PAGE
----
I even often pat people on their shoulder or their back, in a friendly way. Even if they are a total stranger. And almost nobody minds this. And once I make that physical contact with someone, they are more likely to tell me their life story, to let me make many photos of them, or for them to even pose for me.

5. Ask deep questions

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If you really want to capture deep in someone’s soul — you need to ask them deeper questions.

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One question I have asked my subjects: “Can you tell me a story of a very difficult time you had in your life, and how you overcame it?” This way, I dig deep— with a deep question, yet still frame it in a positive way.

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When I usually ask people this question, they look down, they ruminate, think, and something deeper about their personality comes out. Not only that, but strangers are often very willing to tell their deepest, darkest, and saddest life experiences with (other fellow) strangers, like myself.

We often are scared to ask people deep questions about life. Especially with our loved ones, friends, and close acquaintances.

As for me, I’m sick of fluffy ‘filler’ talk. I hate doing small talk (beyond the necessary). I want to ask people deeper questions about life. I want to know people’s life philosophies. I want to learn their life struggles, and how they overcame it. I want to do this as a chance to get people to reveal their soul to me, and for a chance for me to connect with them deeper.

6. First, share your own soul

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I have also found it easier to have someone open up their soul to me, if I first open up their soul to them.

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For example, I don’t really have a big problem telling people that I grew up poor, not knowing if I would become homeless at the end of the month, or the shitty childhood I had growing up. And frankly speaking, everyone has (in one way or another) had a shitty childhood. And problems in the house— between parents, or extended family. We have all had struggles, difficult times, and hardships. The sooner we open up to others, the sooner they open up to us.

7. Try to bridge the gap by finding the ‘common ground’ between you and your subject

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She told me she was on the way to church — I told her I also go to church, and told her ‘God bless’ afterwards. NYC, 2015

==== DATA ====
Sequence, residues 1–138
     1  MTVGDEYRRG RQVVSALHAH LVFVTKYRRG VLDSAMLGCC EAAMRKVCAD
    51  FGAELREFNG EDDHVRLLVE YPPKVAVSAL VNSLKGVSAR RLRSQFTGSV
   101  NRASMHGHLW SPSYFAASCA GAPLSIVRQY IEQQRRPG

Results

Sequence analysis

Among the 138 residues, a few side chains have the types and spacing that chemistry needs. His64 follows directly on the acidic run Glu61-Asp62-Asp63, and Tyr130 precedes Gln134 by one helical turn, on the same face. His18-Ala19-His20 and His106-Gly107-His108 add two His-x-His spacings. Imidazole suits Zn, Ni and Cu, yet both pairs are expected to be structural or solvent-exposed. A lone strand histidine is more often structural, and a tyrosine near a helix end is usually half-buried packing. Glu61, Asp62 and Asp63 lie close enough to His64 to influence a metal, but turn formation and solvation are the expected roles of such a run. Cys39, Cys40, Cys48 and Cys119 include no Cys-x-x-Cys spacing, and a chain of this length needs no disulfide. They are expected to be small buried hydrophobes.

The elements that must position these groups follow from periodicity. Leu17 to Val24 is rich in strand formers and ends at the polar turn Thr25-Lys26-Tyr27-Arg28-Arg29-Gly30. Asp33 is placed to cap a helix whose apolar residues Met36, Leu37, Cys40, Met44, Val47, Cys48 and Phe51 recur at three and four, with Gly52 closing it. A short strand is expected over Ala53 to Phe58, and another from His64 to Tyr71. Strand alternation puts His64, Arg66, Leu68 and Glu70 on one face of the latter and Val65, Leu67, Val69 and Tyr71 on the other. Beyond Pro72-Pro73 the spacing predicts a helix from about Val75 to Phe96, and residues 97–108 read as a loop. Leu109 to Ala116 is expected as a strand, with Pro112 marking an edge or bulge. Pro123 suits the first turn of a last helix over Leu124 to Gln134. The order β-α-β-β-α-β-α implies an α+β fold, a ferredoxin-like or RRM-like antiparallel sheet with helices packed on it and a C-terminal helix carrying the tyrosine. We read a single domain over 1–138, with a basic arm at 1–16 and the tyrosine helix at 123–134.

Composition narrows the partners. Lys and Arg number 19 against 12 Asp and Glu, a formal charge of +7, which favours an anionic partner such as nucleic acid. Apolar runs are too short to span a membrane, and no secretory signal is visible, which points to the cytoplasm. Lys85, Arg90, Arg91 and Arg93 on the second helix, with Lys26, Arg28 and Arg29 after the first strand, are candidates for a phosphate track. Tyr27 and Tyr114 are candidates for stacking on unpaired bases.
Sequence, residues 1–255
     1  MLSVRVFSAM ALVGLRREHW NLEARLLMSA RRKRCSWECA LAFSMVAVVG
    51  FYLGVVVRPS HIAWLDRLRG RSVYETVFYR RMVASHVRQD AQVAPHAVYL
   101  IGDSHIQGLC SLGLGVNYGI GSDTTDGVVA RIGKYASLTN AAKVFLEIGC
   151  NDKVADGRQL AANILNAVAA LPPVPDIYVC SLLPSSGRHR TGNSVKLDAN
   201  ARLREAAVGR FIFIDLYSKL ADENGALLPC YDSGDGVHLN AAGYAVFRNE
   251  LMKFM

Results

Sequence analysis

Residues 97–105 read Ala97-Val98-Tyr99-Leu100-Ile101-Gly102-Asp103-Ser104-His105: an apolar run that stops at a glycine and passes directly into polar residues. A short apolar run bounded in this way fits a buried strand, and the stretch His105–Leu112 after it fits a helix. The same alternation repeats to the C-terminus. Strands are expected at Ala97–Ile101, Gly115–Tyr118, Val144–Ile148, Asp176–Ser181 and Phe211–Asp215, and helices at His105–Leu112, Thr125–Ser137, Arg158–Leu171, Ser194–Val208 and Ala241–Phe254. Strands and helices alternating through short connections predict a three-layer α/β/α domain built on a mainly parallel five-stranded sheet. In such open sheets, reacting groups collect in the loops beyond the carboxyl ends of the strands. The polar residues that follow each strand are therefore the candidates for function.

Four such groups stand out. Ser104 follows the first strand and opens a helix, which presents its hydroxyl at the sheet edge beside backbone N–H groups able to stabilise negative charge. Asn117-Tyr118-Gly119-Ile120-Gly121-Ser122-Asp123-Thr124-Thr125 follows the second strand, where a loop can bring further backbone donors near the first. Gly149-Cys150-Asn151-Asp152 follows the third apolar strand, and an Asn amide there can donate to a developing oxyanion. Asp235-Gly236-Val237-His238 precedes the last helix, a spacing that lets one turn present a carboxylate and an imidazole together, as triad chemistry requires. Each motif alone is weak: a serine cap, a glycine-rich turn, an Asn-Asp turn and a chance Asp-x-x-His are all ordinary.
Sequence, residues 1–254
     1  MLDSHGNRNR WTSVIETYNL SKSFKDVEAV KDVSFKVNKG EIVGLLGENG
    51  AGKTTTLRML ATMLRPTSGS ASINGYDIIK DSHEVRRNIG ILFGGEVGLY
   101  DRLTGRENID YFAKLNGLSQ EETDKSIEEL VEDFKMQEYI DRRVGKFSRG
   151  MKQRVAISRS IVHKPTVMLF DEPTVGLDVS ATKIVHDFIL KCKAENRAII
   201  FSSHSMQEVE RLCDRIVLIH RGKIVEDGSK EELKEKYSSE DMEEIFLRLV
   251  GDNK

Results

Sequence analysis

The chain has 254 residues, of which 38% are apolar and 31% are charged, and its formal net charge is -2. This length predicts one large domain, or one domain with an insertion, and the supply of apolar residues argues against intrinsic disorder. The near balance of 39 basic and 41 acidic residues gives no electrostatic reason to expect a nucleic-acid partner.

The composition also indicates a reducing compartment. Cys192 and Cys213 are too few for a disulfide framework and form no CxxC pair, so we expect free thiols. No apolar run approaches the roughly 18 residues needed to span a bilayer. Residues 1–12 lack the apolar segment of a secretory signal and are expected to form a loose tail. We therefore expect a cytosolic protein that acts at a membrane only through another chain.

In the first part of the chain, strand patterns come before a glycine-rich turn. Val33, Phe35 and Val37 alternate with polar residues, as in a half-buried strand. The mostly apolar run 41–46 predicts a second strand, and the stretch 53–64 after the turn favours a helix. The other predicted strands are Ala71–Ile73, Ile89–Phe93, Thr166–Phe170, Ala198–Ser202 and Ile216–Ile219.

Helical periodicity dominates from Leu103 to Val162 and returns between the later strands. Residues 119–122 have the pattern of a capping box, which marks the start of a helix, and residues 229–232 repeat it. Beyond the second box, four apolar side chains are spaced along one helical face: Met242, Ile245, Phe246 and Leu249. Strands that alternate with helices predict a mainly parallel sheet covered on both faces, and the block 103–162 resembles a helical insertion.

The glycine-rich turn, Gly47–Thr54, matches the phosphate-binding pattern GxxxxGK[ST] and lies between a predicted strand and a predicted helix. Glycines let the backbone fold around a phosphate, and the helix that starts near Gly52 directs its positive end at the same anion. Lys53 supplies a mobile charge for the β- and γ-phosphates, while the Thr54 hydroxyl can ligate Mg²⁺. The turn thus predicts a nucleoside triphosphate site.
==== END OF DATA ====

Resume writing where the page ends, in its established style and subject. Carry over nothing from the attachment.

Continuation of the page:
I’m always trying to bridge the gap. No matter how different I may seem from someone else— regardless of the difference in our skin tone, our religion, our upbringing, our age, gender, whatever — there is always some common ground we can agree on. And that is what I’m looking for.

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It can be something as simple as food, taste in art, photography, music, or movies. It can be something deeper— like a life philosophy. Things we believe in, or things we don’t believe in.

But you need to probe people, and ask them tough questions, if you want honest-to-God answers.

8. Push yourself to take 25% more photos

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For myself, when I’m making portraits of someone, the first shots are never any good. Usually my best photos are somewhere in the middle, or in the end. This is because when I start making portraits of someone, they are still cold and stiff. They haven’t warmed up to me yet; and I haven’t warmed up to them yet.

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I need to engage my subjects to get better expressions— through their face, their hands, and their body language. I try to follow the 25% rule — when I think I got a good photo, I remind myself: I haven’t got a good photo. I try to shoot 25% more than I think I should. And often by pushing myself that extra 25% (in terms of making more photos, or trying a different angle or composition) — I get a much better image.

I think the biggest misconception that photographers have is that a ‘decisive moment’ is just one or two photos, and that is it. No. We need to ‘work the scene’ and take many photos, before we can catch one ‘decisive moment’ or one good ‘unguarded moment’ where someone reveals their soul to us.